Prompt context formatting best practice

Hi there,
we are developing a chat bot to answer questions on our technical datasheets.
We use the same techinque listed here.
We have a huge amount of documents that are chunked and then converted in embeddings. The results are good but sometimes we found wrong or not complete answers.

This is how we have diveded our docs:

  • each section is identified by a title and subtitle: title + subtitle are then appended at the top of each chunk with unique separators (es. TITLE ▬ SUBTITLE1 ▬ SUBTITLE2 ▬ \n context). In this way ChatGPT should “understand” that is a reference to a manual section (right?)
  • each section is limited at maximum 500 tokens (too much, too little?): if a section overflows 500 tokens, it’s divided in parts (so the title could be TITLE ▬SUBTITLE1 ▬ Part 1 ▬ etc.)
  • if there are tables we try to convert them in JSON
  • we don’t escapes any special character, but we pass text as is

So the question is: what’s the best practice during the pre-processing of documents?
Do we miss something? Is it better to use large sections with more then 500 tokens?
Is it necessary to include a title in every chunk (yes i suppose)?

Thank’s in advance

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Dividing sections into smaller parts, like you mentioned, is a good approach to ensure that each section stays within the token limit. However, 500 tokens is less than 10% of the limit, so this would be a good place to adjust. How long is the largest section? If you could fit all sections into a single embedding if the limit is increased to some n tokens, then I would recommend testing your results with that.

Converting tables into JSON is a good practice as well, as it allows the model to understand the structured data and potentially provide more accurate answers.

Title in the chunks is a good idea, I wouldn’t change that unless the title is somehow contextually irrelevant.

It’s also important to consider how you’re using the retrieved chunks. Depending on your use case, there might be additional strategies you can consider in both your embedding pre-processing and retrieval processes. For example, if you’re not retrieving the results that you’d expect from your current search queries, you could try something like HyDE.


Thank you for your quick reply.

Yes, this was one of our doubts. We have sections even more than 7000 tokens so we must chunk sections in some cases: but we could try to increase the limit to the maximum (4k with ADA if i remember right) and see the difference.

I’ll take a look thanks :wink:

HI @wfhbrian ,
i’m trying to understand how to use HyDE in our use case.
I’m not quite sure to have understood: the Hypothetical answer is given directly from GPT itself? I mean, i ask GPT one question and then use the answer to perform embeddings search on my data?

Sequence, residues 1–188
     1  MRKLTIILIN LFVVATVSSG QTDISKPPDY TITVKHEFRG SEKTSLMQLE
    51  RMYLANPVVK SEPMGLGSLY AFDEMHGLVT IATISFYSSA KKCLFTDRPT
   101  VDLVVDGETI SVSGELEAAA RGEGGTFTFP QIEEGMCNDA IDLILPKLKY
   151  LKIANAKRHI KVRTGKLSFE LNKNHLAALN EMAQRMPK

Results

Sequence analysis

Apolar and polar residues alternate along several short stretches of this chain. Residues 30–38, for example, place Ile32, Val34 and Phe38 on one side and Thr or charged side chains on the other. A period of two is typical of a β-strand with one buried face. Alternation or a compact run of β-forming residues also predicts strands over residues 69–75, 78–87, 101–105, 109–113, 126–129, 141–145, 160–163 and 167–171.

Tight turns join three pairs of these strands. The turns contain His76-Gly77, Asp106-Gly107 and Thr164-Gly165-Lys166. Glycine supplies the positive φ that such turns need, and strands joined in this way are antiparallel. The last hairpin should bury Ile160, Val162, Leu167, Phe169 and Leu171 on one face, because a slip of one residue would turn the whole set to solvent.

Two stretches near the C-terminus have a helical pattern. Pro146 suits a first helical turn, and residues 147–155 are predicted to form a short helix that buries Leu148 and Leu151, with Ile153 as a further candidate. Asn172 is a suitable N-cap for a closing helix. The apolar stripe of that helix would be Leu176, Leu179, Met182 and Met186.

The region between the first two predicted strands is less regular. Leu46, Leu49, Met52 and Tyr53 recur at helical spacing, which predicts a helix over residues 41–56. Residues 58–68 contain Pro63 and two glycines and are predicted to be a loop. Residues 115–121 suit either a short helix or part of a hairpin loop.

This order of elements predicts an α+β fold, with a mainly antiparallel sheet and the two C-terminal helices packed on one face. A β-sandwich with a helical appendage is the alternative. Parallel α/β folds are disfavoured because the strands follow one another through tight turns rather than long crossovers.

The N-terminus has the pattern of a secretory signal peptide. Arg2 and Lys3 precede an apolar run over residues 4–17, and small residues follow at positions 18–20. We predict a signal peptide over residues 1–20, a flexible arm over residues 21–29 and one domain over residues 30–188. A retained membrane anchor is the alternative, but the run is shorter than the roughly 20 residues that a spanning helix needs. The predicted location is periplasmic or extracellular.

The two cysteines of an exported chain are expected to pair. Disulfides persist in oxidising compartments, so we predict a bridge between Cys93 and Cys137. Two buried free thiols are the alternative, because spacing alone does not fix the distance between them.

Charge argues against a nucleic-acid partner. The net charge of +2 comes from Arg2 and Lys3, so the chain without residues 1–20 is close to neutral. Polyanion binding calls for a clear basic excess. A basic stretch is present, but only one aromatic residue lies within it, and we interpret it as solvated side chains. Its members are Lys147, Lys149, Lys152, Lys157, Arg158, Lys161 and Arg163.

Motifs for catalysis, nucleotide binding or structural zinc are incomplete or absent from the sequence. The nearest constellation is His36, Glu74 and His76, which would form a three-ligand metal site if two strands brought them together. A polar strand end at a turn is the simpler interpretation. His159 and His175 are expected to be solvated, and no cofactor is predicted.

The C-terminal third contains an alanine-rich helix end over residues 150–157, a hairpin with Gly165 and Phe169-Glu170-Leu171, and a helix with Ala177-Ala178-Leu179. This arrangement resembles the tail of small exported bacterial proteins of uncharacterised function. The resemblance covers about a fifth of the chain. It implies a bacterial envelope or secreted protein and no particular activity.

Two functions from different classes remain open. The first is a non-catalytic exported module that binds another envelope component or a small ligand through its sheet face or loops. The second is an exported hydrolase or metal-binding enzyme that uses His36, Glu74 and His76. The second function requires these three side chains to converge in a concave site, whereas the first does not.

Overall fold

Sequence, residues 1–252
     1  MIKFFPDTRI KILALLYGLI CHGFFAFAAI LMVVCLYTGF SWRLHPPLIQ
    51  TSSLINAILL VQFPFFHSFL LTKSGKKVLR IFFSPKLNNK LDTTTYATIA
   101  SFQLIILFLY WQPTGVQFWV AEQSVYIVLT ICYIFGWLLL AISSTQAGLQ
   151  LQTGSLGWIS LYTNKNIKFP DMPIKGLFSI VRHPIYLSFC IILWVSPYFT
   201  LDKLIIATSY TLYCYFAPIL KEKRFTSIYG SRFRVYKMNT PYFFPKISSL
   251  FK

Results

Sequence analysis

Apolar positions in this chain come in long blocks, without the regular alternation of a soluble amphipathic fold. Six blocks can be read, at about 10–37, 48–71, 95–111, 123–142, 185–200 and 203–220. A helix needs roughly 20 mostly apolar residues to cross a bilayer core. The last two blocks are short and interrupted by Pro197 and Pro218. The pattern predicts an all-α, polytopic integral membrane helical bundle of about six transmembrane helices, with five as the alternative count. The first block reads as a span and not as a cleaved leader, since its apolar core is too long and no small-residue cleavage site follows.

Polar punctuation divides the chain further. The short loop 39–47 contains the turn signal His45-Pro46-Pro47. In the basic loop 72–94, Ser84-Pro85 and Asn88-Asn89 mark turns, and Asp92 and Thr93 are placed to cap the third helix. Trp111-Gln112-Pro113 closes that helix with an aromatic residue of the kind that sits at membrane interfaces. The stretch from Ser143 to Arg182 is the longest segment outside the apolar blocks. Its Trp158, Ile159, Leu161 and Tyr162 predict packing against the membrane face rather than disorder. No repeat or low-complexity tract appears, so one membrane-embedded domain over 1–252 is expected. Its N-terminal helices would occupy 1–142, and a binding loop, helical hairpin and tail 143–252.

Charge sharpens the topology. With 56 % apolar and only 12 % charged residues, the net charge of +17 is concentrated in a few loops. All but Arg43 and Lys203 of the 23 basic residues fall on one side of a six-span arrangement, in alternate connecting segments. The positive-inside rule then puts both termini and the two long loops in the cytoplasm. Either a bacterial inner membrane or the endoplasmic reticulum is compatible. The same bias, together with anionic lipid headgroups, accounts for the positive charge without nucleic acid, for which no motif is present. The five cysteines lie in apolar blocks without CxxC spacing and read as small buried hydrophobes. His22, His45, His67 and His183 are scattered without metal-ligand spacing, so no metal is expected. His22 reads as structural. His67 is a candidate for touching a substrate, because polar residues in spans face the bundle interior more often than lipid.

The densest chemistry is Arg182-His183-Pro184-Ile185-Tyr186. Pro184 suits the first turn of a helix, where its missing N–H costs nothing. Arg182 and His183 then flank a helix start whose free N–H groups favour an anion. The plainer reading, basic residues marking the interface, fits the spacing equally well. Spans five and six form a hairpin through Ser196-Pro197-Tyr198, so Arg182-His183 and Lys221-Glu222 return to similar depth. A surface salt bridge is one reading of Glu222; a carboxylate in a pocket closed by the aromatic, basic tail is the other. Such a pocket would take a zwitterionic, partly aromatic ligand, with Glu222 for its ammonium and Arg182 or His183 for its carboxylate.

In my understanding Hypothetical document could be generated based on my dataset, but in all examples i’ve found seems they are generated based on public data on web: in this way, how they could contain relevant data specific to our use case?

Hyde is all about a hypothetical answer to the question being asked. You then use that to create an embedding and perform search on it against your corpus.
You can pair it with lots of other techniques (such as slot filling, seeding etc) and it’s very effective at getting accurate answers back . (Compared to just searching on what user has inputted)

Hi @lids i’ve understood that the answer is hypothetical, but i’m not quite sure how to perform the question to get the hypothetical answer: am i supposed to ask directly to GPT-3.5-turbo or against my corpus?

Send to GPT, see the HYDE paper for example prompts.
Then create an embedding from that answer to compare to the corpus embeddings and retrieve . This performs significantly better than passing the question in.


Just want to add some detail here for anyone who hasn’t read the HyDE paper yet.

The reason why this method works better than just searching based on the embedded prompt is because of the structure of each.

Even if the hypothetical answer is factually incorrect, because of the way GPT-based LLMs work, when it produces a plausible answer, that incorrect but plausible answer will look like the correct answer. The theory is it’ll have similar structure and inner-connectedness between tokens which the embedding models will pick up on, causing them to be more proximal.

Then, after pulling things from your vector DB, the prompt is re-run with the relevant data and the model can generate a plausible answer which has the added benefit of being more correct.